How to Negotiate the Terms of Your Loan Agreement in Nevada
Do you ever stop to ask for a better deal on your loan agreement’s terms before you click on the I Agree button or sign on the dotted lines? Did you know that you can actually negotiate the terms of your loan agreement, whether you are applying for a personal loan or a business loan? While most of us assume that the drafted repayment or amortization schedule provided by the lender is their final representation of their terms, the truth is that those terms are negotiable, just like most of the things we have to buy or sign up for. Besides negotiation, a review of the terms of your agreement allows you to identify some of the nefarious terms that the lenders might have incorporated into the agreement.
Finally, you need to review the terms of the agreement because a loan agreement is a legally binding agreement that specifies the terms of the agreement while also specifying the responsibilities of the parties to the agreement (lender and the lender). Once signed, you cannot go back on the agreement, and even if you can do that, you will suffer legal and financial repercussions for that action. So, since you don’t want to be in a situation were you signed off on an agreement with unfavourable terms, you must review the terms and negotiate where necessary.
To get started with the review of the terms, even before your discussion with the lender, we recommend downloading the free Nevada loan agreement form online. This sample loan agreement is editable, easy to use, and it encompasses all the important sections of the agreement, basically, all the essential sections of the agreement. While the loan agreement in Nevada is also referred to as the promissory note (also a money lending agreement, a loan contract, or a business loan agreement), it’s worth noting that even though these documents serve the same purpose, the loan contract is substantially more comprehensive than the promissory note and while the loan agreement is enforceable with the signatures of both the lender and the borrower, the promissory note only needs the signature of the borrower. The promissory notes can be secured or unsecured promissory notes, and they are common among friends or family, where smaller amounts of money exchanges hands.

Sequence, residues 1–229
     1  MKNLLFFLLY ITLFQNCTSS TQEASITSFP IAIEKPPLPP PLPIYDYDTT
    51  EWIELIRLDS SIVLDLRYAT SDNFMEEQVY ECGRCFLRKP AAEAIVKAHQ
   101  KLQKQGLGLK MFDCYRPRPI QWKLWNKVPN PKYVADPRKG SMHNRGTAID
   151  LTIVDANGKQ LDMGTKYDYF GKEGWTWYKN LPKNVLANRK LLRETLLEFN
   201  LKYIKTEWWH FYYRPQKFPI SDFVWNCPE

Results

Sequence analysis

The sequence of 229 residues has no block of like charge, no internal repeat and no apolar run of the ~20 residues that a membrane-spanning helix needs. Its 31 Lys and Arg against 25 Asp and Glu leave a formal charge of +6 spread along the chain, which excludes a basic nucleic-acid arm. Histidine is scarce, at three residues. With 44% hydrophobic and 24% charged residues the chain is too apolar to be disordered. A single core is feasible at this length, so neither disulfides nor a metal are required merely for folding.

Now that we have the basics out of the way, let’s look at some of the negotiable provisions of the loan agreement:
Interest Rates and the Repayment Plan
Besides the definition of the terms used in the agreement, the next important section that you must review is the clause that covers interest rates. Even with the market going rates, you could also negotiate for a lower interest rate, especially if you have a great credit score. But even without that, you have the right to negotiate for better terms.
You should also be aware of the state’s maximum legal limits on interest rates. Note that unlike the other states, the state of Nevada hasn’t put in place usury limits or maximum interest rate, and if you are getting a loan without a written agreement, you would be charged the prime interest rate applied by the largest bank in the state.
The other important consideration you need to keep in mind is that the repayment terms laid out by your lender are negotiable. As you look for the most favorable terms for the loan and a flexible repayment plan that will not leave you struggling financially, think about your financial capabilities, your revenue projections, as well as your relative bargaining power. At the end of the day, you don’t want to sign up for terms that would leave you in the default side of things, because as you know, the effects of a defaulted loan would be disastrous.
The other consideration you need to keep in mind is the default terms that have been put in place by a lender, and whether those terms will leave you at a good financial spot or not. If you are getting a business loan, you might be required to pride periodic financial statements and reports to the lender, and in other cases, your lender might have to consent to your new application. Keep in mind, however, that regardless of the measures put up by the lender, you need to watch out for strategies such as the inclusion of more generous cure periods for a breach, incorporation of maximum and minimum dollar limit, the addition of qualifiers, as well as the insistence on the cessation of ramifications and penalties after an underlying default has been waived.
What can you part with if things turn to the worst? Would the lender repossess your car or foreclose on your home too soon after you default? While you have numerous collateral options and you could negotiate for more favorable terms, you need the keep in mind that the last thing you would want to do for your business is to relinquish control and full ownership of your business over an unpaid loan balance.
Once you’ve reviewed these terms, then you can sign the contract, but only if you agree on the proposed terms after the negotiation.